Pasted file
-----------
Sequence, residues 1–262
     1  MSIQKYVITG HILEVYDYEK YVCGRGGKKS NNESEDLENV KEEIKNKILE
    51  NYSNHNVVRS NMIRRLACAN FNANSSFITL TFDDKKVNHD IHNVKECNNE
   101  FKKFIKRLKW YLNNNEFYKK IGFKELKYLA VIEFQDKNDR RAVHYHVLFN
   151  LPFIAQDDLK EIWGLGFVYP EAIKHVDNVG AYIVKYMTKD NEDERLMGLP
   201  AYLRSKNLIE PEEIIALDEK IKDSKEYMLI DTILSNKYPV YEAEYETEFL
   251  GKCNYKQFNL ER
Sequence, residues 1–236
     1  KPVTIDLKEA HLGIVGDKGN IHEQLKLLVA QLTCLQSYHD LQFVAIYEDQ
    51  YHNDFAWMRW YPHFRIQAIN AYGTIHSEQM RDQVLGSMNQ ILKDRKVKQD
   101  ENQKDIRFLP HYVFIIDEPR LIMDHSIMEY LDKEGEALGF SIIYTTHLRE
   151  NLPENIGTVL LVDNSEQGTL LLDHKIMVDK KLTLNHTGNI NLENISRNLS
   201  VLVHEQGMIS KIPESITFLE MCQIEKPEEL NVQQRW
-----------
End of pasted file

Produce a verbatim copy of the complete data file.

Sequence, residues 1–262
     1  MSIQKYVITG HILEVYDYEK YVCGRGGKKS NNESEDLENV KEEIKNKILE
    51  NYSNHNVVRS NMIRRLACAN FNANSSFITL TFDDKKVNHD IHNVKECNNE
   101  FKKFIKRLKW YLNNNEFYKK IGFKELKYLA VIEFQDKNDR RAVHYHVLFN
   151  LPFIAQDDLK EIWGLGFVYP EAIKHVDNVG AYIVKYMTKD NEDERLMGLP
   201  AYLRSKNLIE PEEIIALDEK IKDSKEYMLI DTILSNKYPV YEAEYETEFL
   251  GKCNYKQFNL ER
Sequence, residues 1–236
     1  KPVTIDLKEA HLGIVGDKGN IHEQLKLLVA QLTCLQSYHD LQFVAIYEDQ
    51  YHNDFAWMRW YPHFRIQAIN AYGTIHSEQM RDQVLGSMNQ ILKDRKVKQD
   101  ENQKDIRFLP HYVFIIDEPR LIMDHSIMEY LDKEGEALGF SIIYTTHLRE
   151  NLPENIGTVL LVDNSEQGTL LLDHKIMVDK KLTLNHTGNI NLENISRNLS
   201  VLVHEQGMIS KIPESITFLE MCQIEKPEEL NVQQRW